Our readers undoubtedly know what the term "money laundering" has nothing to do with cleaning money by running it through a washing machine. However, many people may not understand specifically what is involved and how people may become accused of it. The term refers to a white collar crime that involves the process of taking money that was originally illicitly obtained and then working to make the money appear as if it came from a legitimate and legal source.
The process of money laundering involves three different stages. During the first stage, the money comes to the launderer through some type of illegal activity such as drug trafficking or illegal gambling. The launderer then takes the money and passes it through a series of complicated financial transactions that work to "clean" the money, or rather, make it appear that the money was obtained legally through a business or entity. After the money is run through the business, it then returns to the launderer in a way that makes it appear to have been obtained through legal means.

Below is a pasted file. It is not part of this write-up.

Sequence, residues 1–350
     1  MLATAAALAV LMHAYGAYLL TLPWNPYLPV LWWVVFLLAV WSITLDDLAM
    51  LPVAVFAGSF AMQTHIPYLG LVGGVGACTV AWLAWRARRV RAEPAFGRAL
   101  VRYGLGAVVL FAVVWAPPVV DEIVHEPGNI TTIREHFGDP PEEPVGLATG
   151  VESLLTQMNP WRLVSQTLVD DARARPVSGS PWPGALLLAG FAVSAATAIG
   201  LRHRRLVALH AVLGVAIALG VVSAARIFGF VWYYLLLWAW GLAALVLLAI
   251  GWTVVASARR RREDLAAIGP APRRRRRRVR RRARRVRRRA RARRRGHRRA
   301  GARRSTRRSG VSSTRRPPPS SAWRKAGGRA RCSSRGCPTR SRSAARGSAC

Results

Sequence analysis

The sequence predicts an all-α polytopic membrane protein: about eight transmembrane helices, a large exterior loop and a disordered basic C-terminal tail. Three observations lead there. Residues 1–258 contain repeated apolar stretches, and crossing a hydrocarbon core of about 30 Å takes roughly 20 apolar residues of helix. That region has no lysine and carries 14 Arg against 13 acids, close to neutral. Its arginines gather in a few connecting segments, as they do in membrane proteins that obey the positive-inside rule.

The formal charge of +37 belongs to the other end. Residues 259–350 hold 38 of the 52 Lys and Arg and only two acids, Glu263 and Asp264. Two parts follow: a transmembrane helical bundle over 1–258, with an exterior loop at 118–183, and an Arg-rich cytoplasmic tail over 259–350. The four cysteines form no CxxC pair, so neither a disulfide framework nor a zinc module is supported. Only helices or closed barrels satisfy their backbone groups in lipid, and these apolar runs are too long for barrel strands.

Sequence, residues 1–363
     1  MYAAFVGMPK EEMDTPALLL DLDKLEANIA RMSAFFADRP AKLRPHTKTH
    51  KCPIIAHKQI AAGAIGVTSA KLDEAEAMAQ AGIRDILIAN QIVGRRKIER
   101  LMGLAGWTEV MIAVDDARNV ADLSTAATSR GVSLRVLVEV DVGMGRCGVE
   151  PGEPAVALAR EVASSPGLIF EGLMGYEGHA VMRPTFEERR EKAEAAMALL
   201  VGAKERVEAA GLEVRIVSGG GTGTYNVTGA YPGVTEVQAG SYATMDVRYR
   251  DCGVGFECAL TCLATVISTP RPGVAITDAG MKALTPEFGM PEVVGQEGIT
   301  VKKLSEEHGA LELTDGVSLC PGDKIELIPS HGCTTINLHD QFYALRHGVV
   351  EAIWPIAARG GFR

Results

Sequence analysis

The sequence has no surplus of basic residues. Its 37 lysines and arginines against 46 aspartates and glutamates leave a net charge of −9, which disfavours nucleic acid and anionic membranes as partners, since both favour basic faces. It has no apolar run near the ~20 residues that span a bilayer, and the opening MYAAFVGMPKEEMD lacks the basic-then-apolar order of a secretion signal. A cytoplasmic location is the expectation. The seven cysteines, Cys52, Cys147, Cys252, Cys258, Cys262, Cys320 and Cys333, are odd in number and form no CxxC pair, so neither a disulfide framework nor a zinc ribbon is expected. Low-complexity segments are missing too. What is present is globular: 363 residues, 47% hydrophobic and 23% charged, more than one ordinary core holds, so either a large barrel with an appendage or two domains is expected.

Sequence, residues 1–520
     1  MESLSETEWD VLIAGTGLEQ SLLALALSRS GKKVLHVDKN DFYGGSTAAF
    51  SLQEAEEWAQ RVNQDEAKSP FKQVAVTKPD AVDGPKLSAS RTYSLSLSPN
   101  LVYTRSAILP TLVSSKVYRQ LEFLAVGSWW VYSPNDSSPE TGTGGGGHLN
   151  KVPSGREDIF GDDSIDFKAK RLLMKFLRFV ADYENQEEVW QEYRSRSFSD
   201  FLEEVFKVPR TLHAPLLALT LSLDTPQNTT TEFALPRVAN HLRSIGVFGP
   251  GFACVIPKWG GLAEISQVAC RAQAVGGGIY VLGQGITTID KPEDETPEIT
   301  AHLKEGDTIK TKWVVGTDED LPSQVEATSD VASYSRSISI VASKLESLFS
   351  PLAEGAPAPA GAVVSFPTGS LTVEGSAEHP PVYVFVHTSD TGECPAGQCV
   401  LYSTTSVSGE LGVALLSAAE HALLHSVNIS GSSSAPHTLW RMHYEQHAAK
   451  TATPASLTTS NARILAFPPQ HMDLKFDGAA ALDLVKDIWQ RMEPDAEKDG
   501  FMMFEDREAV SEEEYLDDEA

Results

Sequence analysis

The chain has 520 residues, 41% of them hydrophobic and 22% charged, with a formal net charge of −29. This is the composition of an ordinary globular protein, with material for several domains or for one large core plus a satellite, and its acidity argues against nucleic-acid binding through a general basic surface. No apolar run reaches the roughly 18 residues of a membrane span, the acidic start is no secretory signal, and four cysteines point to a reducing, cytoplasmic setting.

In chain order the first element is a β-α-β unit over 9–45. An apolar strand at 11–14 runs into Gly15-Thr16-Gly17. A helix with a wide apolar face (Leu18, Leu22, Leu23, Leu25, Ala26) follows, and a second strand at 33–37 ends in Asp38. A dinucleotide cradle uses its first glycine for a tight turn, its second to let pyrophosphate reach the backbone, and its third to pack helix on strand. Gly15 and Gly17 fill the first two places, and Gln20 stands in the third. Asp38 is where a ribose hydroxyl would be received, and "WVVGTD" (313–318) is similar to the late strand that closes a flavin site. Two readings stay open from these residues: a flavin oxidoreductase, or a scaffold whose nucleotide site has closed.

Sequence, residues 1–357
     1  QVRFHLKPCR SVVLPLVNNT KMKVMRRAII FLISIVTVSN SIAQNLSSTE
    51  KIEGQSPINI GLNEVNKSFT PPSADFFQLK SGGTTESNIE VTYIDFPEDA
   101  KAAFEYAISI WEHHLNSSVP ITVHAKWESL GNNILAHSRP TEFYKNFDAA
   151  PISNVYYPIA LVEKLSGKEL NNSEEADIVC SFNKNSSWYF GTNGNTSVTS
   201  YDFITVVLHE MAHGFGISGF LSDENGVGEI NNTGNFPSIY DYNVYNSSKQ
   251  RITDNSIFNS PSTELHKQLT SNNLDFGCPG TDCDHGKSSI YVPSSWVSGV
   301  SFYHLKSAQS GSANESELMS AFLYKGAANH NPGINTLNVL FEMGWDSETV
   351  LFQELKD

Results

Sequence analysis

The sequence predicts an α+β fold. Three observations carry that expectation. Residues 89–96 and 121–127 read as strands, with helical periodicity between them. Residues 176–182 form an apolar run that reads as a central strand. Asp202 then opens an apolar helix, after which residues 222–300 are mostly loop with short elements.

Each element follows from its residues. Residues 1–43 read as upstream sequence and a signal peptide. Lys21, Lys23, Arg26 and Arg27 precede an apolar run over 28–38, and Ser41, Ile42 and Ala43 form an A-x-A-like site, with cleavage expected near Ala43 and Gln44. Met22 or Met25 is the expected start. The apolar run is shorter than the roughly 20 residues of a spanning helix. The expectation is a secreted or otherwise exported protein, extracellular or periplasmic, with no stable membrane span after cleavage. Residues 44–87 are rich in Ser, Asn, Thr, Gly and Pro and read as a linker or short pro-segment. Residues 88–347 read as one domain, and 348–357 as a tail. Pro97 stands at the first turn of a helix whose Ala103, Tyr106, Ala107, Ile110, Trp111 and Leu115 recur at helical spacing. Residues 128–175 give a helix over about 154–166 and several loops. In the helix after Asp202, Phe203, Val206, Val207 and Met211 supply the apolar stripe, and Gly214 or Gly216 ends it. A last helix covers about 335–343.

As an example, the launderer sets up an incorporated company that has no real assets and performs no actual type of service or operation. This is known as a shell company. Although the company has no real purpose other than to launder the money, when viewing the financial records of the business, it would appear that the company took in cash from a legitimate source and not through an illegal activity. According to the Cornell University law school, since beauty salons and plumbing services often deal on a cash payment system, they are often a preferred type of shell company.
If you are facing charges of money laundering, an experienced Wisconsin criminal attorney may be able to assist you by working to help establish a strong criminal defense.
Source: Cornell University Law School, "Money Laundering" Sep. 11, 2014